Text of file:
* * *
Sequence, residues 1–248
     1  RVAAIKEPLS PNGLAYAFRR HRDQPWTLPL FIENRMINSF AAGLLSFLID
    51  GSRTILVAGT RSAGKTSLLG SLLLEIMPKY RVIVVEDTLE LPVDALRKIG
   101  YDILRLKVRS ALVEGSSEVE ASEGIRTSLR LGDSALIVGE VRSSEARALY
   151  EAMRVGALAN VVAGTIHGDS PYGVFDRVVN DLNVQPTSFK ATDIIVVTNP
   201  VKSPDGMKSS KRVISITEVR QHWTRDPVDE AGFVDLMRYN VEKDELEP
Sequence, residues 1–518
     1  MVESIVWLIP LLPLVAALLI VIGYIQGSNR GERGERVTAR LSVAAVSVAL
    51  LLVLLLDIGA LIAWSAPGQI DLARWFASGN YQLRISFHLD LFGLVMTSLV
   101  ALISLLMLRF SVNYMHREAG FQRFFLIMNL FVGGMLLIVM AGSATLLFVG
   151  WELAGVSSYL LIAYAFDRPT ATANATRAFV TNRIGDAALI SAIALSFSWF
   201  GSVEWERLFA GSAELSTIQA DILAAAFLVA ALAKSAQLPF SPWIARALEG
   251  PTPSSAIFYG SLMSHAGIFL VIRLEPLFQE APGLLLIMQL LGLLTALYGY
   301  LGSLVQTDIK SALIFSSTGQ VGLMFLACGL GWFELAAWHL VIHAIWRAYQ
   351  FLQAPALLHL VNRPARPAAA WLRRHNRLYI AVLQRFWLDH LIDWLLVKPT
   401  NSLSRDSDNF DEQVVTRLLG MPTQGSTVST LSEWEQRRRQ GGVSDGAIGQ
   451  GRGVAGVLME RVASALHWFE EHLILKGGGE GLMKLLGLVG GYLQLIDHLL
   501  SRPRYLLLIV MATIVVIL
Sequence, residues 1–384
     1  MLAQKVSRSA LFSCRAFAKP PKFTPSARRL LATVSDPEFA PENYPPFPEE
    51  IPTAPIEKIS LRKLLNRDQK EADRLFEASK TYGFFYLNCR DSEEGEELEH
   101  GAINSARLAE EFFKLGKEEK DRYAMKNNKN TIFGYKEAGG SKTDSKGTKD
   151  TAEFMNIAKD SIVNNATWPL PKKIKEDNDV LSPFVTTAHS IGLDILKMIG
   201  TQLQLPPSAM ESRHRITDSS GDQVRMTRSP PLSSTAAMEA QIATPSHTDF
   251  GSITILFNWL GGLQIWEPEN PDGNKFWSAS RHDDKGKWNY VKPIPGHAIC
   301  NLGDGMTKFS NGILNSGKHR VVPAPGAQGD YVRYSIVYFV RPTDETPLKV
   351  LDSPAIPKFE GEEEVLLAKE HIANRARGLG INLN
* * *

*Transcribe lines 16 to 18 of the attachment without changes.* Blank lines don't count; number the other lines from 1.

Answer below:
   401  NSLSRDSDNF DEQVVTRLLG MPTQGSTVST LSEWEQRRRQ GGVSDGAIGQ
   451  GRGVAGVLME RVASALHWFE EHLILKGGGE GLMKLLGLVG GYLQLIDHLL
   501  SRPRYLLLIV MATIVVIL